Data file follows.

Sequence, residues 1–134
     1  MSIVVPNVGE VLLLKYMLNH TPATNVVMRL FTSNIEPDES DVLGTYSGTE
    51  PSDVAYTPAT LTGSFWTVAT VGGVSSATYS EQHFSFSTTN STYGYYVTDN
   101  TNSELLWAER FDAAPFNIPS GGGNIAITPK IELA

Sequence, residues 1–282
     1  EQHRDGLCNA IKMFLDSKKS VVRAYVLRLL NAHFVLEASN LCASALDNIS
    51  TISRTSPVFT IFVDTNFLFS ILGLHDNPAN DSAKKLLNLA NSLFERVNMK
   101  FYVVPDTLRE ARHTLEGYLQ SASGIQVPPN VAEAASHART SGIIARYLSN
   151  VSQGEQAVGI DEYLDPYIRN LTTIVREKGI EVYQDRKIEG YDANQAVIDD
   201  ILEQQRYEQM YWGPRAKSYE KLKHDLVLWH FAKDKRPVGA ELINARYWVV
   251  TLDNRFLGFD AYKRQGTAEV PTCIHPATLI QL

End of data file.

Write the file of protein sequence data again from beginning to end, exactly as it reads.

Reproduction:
Sequence, residues 1–134
     1  MSIVVPNVGE VLLLKYMLNH TPATNVVMRL FTSNIEPDES DVLGTYSGTE
    51  PSDVAYTPAT LTGSFWTVAT VGGVSSATYS EQHFSFSTTN STYGYYVTDN
   101  TNSELLWAER FDAAPFNIPS GGGNIAITPK IELA

Sequence, residues 1–282
     1  EQHRDGLCNA IKMFLDSKKS VVRAYVLRLL NAHFVLEASN LCASALDNIS
    51  TISRTSPVFT IFVDTNFLFS ILGLHDNPAN DSAKKLLNLA NSLFERVNMK
   101  FYVVPDTLRE ARHTLEGYLQ SASGIQVPPN VAEAASHART SGIIARYLSN
   151  VSQGEQAVGI DEYLDPYIRN LTTIVREKGI EVYQDRKIEG YDANQAVIDD
   201  ILEQQRYEQM YWGPRAKSYE KLKHDLVLWH FAKDKRPVGA ELINARYWVV
   251  TLDNRFLGFD AYKRQGTAEV PTCIHPATLI QL